[colug-432] Diagnosing and blocking DDOS attacks
jeff.stebelton at gmail.com
Sun Jul 17 19:16:28 EDT 2011
In my opinion, if he's saturating your connection, doesn't matter what
traffic you drop at the endpoint. Only real way to mitigate a DDoS is
through your upstream provider, who would null route the traffic. By the
time it reaches you, it's too late.
On Sun, Jul 17, 2011 at 6:47 PM, <DEEDSD at nationwide.com> wrote:
> My son has set up a CentOS game server, serving MineCraft stuff.
> Some players were being nasty, and got banned. Of course one of the people
> that got banned has a malicious friend, who has been launching
> denial-of-service attacks. The guy logs into their forums as a generic
> user, leaves a message stating that he will now launch a DOS, and the attack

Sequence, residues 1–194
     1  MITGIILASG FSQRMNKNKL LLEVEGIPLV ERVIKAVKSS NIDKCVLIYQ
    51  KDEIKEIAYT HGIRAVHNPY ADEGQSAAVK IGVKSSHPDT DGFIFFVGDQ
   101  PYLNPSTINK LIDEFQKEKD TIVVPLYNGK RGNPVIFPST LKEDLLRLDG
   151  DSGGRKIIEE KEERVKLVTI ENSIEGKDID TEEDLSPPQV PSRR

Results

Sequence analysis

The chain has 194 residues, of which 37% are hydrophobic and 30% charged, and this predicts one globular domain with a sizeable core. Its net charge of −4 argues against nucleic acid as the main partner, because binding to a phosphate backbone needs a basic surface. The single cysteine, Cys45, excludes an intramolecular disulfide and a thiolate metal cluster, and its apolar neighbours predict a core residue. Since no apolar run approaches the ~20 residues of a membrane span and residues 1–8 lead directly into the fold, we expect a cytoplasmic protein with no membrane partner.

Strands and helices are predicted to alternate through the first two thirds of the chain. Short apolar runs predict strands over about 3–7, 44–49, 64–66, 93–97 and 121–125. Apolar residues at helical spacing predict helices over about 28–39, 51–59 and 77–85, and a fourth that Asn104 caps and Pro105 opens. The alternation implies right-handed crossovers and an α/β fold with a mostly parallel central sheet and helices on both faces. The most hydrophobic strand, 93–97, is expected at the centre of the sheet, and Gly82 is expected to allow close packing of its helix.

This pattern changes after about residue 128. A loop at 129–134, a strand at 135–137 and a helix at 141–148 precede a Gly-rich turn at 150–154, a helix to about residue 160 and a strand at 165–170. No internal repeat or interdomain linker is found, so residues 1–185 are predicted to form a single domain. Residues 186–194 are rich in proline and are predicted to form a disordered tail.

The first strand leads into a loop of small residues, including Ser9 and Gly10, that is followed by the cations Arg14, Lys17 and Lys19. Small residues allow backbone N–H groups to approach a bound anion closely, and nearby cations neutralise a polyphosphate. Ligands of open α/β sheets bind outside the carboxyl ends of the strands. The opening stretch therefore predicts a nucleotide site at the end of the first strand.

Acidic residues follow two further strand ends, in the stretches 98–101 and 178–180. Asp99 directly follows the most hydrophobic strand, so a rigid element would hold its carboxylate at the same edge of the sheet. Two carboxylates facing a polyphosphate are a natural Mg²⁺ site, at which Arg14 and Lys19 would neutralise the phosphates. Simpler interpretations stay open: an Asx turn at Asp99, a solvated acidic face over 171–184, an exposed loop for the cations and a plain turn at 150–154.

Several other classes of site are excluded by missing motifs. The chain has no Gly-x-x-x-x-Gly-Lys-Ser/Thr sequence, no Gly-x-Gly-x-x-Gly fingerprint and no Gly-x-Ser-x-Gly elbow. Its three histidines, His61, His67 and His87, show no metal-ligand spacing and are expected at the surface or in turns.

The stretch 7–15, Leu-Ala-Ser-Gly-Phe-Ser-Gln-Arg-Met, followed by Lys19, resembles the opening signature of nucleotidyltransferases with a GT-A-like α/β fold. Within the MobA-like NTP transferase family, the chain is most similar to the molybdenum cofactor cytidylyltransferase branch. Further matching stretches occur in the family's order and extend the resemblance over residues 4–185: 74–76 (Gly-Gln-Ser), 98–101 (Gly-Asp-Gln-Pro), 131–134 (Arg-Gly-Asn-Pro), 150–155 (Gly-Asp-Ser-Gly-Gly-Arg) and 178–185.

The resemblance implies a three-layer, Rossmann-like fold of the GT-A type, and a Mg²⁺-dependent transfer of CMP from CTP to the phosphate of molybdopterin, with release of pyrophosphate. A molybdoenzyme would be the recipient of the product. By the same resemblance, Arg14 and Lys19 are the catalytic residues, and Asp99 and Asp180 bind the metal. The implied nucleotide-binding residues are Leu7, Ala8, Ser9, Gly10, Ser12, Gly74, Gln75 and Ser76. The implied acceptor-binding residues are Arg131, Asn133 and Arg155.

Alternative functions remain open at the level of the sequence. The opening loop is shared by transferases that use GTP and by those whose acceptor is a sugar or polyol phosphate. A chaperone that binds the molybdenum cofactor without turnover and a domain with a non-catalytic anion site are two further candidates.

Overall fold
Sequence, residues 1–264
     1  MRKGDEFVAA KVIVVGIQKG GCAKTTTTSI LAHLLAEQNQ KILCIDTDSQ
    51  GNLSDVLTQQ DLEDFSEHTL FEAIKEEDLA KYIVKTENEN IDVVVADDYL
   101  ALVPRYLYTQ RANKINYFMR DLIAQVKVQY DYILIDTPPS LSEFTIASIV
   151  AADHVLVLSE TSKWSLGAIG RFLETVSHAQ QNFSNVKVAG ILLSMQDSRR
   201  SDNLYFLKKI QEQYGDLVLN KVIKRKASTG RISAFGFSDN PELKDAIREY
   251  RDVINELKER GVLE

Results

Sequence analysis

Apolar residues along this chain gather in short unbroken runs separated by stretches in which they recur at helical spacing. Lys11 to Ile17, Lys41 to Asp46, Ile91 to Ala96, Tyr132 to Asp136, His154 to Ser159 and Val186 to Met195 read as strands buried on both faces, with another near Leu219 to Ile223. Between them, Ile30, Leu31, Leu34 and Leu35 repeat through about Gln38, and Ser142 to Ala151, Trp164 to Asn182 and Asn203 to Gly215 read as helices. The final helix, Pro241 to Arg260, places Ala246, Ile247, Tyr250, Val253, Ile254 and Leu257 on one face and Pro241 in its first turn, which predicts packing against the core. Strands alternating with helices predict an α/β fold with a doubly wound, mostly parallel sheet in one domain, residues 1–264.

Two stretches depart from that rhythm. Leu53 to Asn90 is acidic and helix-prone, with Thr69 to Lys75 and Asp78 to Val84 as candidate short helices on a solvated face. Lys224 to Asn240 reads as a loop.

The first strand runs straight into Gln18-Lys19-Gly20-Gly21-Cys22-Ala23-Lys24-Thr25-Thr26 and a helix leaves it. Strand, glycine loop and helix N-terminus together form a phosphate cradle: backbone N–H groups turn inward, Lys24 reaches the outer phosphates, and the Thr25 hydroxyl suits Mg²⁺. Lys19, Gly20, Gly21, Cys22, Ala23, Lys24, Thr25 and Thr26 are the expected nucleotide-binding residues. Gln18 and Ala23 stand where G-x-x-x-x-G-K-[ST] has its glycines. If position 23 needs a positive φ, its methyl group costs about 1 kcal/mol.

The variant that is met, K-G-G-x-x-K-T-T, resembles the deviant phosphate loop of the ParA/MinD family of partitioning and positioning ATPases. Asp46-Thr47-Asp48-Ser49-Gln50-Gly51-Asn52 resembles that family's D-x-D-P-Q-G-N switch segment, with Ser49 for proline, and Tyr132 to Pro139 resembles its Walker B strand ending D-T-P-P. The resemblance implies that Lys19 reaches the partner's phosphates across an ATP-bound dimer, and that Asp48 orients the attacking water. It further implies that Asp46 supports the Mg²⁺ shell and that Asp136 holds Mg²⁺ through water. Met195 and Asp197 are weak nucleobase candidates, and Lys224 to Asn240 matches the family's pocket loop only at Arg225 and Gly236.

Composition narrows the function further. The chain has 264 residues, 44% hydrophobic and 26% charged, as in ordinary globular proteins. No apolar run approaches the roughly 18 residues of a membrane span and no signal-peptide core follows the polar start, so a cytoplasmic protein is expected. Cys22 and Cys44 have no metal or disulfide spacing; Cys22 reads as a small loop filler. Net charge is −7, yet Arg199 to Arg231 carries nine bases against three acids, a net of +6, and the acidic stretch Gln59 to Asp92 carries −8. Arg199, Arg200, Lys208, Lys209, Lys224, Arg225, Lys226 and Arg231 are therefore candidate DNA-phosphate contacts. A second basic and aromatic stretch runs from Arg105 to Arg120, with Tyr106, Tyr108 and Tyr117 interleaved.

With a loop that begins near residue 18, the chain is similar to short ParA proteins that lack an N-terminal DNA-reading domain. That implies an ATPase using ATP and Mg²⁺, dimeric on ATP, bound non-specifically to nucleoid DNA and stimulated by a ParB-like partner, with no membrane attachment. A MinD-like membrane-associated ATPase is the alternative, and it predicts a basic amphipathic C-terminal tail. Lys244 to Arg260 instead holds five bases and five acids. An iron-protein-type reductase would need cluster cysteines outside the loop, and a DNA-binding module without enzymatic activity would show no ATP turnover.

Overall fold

> begins and lasts for a couple hours. My son thinks that this guy is running
> stuff from the Amazon cloud, but he likely has no idea.
> My son's server is running pretty current CentOS with IPTables.
> My question is how to figure out what kind of DOS attack is being used, and
> how to thwart it... I am guessing if I make it more difficult to attack,
> the guy might get bored and move on.
> In the research I have done, it appears that I can set up IPTables rules
> for certain port and make them drop requests...
> iptables -I INPUT -p tcp --dport 25 -i eth0 -m state --state NEW -m recent
> --update --seconds 60 --hitcount 20 -j DROP
> I am curious as to if I leave off the --dport if the rule would apply to
> all ports. I also wonder if I can block all traffic from a class B set of
> addresses - say if it is coming from a cloud.
> I doubt it would cure the issue, but it may lessen the impact.
> Can anyone direct me to some good resources?
> colug-432 mailing list
> colug-432 at colug.net
Jeff Stebelton GCFW GCIA GCIH CEH
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